Case Study on Deployment of Open Source Software in Government Offices
The results of a survey that asked 955 organizations in the public sector from 13 EU countries about their affinity to Open Source software were recently released. At the same time, the survey investigated six Open Source development projects maintained by public authorities.
The European Commission commissioned the survey. Unisys and Merit (Maastricht Economic and social Research and training Institute on Innovation and Technology) collected the data in 2004, and completed the survey in April this year.
Almost 40 percent of the respondents viewed the support situation for Open Source software as problematic or too expensive. However, this opinion was voiced by people who were not users, or had no experience, of Open Source applications. In contrast to this Open Source software users said that support wasn't an issue. At the same time, the respondents said that cost savings were the motivating factor in just fifty percent of cases, although all respondents said that they have cut costs by deploying Open Source.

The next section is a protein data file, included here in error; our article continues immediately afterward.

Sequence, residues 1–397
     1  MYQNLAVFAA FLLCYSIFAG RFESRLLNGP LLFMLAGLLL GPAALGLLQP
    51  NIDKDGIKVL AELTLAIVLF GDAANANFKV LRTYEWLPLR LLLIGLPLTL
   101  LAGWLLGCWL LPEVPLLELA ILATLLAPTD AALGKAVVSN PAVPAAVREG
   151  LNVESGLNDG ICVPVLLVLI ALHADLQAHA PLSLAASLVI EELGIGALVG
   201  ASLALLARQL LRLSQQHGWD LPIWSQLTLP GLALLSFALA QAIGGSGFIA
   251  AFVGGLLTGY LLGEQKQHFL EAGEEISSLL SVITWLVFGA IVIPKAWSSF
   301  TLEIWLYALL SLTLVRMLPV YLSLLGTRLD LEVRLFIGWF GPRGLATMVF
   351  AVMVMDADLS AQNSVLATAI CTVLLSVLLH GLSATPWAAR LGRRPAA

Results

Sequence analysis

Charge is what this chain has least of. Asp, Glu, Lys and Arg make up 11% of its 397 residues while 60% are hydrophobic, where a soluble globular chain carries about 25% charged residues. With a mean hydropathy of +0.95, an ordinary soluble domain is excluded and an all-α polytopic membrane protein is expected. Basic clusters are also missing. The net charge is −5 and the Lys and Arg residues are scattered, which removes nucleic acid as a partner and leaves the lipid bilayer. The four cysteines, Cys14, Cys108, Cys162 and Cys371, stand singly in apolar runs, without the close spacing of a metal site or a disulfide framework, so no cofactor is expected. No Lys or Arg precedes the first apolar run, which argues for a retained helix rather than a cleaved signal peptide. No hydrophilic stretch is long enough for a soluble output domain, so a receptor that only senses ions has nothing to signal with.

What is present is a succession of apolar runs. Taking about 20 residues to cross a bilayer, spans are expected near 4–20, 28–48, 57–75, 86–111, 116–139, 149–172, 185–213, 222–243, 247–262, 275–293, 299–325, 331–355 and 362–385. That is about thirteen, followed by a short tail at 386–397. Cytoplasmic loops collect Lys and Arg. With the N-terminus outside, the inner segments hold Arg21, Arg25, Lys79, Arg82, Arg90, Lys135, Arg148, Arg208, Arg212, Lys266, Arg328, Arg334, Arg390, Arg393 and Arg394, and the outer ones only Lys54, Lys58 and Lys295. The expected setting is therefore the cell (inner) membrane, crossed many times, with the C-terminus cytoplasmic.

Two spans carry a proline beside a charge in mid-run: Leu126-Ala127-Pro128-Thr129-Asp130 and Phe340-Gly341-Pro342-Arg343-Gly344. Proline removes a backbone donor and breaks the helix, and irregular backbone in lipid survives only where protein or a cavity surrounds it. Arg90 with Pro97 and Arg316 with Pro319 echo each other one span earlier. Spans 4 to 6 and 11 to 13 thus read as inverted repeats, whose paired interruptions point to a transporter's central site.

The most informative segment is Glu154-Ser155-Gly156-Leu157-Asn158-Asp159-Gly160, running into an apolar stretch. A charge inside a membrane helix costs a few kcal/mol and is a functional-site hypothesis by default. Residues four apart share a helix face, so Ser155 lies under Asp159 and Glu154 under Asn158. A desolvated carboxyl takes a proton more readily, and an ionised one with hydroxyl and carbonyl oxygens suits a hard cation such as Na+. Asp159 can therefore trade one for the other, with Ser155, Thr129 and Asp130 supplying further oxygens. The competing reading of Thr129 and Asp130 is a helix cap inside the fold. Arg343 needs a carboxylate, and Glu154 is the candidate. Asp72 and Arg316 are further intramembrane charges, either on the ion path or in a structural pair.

According to the survey, the biggest obstacle to launching government software projects was the lack of IT specialists. IT departments were the initiators of existing projects in five out six cases. The reason for this is that decision makers and staff working for authorities have a limited view of their own organizations, and they do not recognize the potential that interaction with citizens, software users and the software community holds for them Decision makers working for authorities must be made more aware of the advantages that Open Source software development hold for them, said the authors. The public sector could also project a positive image of government-maintained Open Source projects, they said.
The complete 44 page survey is available from the "Public Sector and Open Source" website. Besides the survey, a six page summary (PDF, 80 KB) comprising the first six pages of the longer document is also available. The website is directed at IT decision makers and planners, and strategists working in the public sector, its authors say.